My fingers were shaking and my heart was racing as I turned the key to lock my clean, empty home. Everything was out. Our beds, artwork, and vast array of books were tucked into the outbuilding we recently constructed. The canoe was nestled into our walled off, half of the garage with our bikes, gardening tools, and dishes. While my home was empty of its stuff, my mind reeled with memories as I mopped the floors. Babies born, friendships forged, songs sung, meals shared, books read, games played, projects created, gardens grown are all part of the richness that Joey and I created together within these walls and on this little plot of land.
And ever so quickly, under the cover of night, we were gone. The car was loaded down and a bit squirrely under the weight of 700 feet of line, an anchor, chain, books, games, art materials, and clothes. If you do anything with boats and you find yourself in Bellingham, WA, you must make your way to Pacific Marine Exchange (www.pacificmarine.com), a store of previously owned marine equipment and supplies. We saved an incredible amount of money there. Now we just have to share the car with our bounty.
We are spending the day with family like friends in Kirkland, recovering from three days of a mad dash to get out of the house. We are resting and getting ready for the long drive to more family and friends and finally the boat in Charleston, SC. While we all feel some sadness in leaving our chosen clan, incredible friends, inspiring community, and lovely life in Bellingham, the joys of travel are upon us.
The Snowy Owls have come to the outskirts of Bellingham this winter. They have traveled far from their arctic tundra home in search of food. As I clean out my cupboards and feel disgruntled about the amount of waste and excess I find there, I reflect on the goals of my family’s journey.
Journeys provide lessons and magic. The journey of the snowy owls brings us a glimpse of wildness and courage. These owls have come to our rooftops from a place so remote that few people ever venture there. By traveling into new landscapes and facing unknown dangers, they exercise bravery and adaptability in their necessary quest to survive. Our house is nearly packed and we plan to leave this week. We are not seeking food for our bodies, there is much more than we need here. We must then be seeking food for our souls. To find a patch of wildness, to experience the richness of personal discovery together, and to share our society’s wealth with others also takes great courage. In these moments of preparation, I have found that courage in snowy owl magic.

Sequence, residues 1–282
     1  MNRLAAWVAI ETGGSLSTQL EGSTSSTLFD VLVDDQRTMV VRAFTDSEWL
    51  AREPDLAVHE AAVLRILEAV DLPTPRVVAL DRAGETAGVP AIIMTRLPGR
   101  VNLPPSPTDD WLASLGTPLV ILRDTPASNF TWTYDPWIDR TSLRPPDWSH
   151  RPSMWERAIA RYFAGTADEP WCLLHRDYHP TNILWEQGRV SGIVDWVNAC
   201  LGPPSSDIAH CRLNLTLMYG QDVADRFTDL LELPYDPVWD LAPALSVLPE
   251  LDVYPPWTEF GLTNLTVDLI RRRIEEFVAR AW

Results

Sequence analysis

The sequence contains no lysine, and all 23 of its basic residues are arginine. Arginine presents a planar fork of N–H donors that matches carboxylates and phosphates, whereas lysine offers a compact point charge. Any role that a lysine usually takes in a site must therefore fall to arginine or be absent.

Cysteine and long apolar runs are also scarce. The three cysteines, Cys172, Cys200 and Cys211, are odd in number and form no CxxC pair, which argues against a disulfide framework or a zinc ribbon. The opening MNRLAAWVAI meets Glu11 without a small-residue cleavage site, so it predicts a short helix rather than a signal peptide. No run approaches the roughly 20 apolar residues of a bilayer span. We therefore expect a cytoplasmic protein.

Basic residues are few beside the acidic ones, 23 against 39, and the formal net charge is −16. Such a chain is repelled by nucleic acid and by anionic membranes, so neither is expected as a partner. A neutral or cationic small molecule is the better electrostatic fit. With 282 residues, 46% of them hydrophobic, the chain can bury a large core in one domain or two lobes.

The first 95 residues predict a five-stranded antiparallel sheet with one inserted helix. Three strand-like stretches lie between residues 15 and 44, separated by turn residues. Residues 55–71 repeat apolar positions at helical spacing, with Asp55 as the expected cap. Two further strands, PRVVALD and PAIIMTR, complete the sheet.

I hope that on our journey we will lighten our load of consumption and reduce our environmental footprint. I also hope that we can share the abundance of our privileged American life. I want to give special thanks to Crystine and Brian from Uprising Organics (www.uprisingorganics.com) for donating A LOT of organic, heirloom seeds to share with people in the Bahamas. I also want to thank Rowan for visiting the owls with us on a blustery, snowy afternoon and for helping me to contemplate the enriching process of creating art with children.
Rowan's Snowy Owl
Pearl's Snowy Owl
For years now I have watched a group of ladies run past my house on Sunday mornings headed for Galbraith. In the beginning I had no interest in joining the group. I had no interest in running, alone or with others. I had tried running a few times, but it never seemed fun. Walking always seemed more my speed. And I could walk a long way through any kind of weather. I was content with my walking pace. I was happy to go slow and notice what was going on around me.
About a year ago, walking stopped being enough. It happened one random night. I really like walking at night. This particular night was one of the first times since the birth of Juniper that I made it out of the house without her strapped to my back. I was walking through the park, enjoying the crisp air, and admiring the shimmer of the stars I was lucky enough to see. And then it happened. I needed to go faster. So, I started to run. I ran freely and joyfully. I was surprised at myself. I was actually enjoying running for the first time in my life.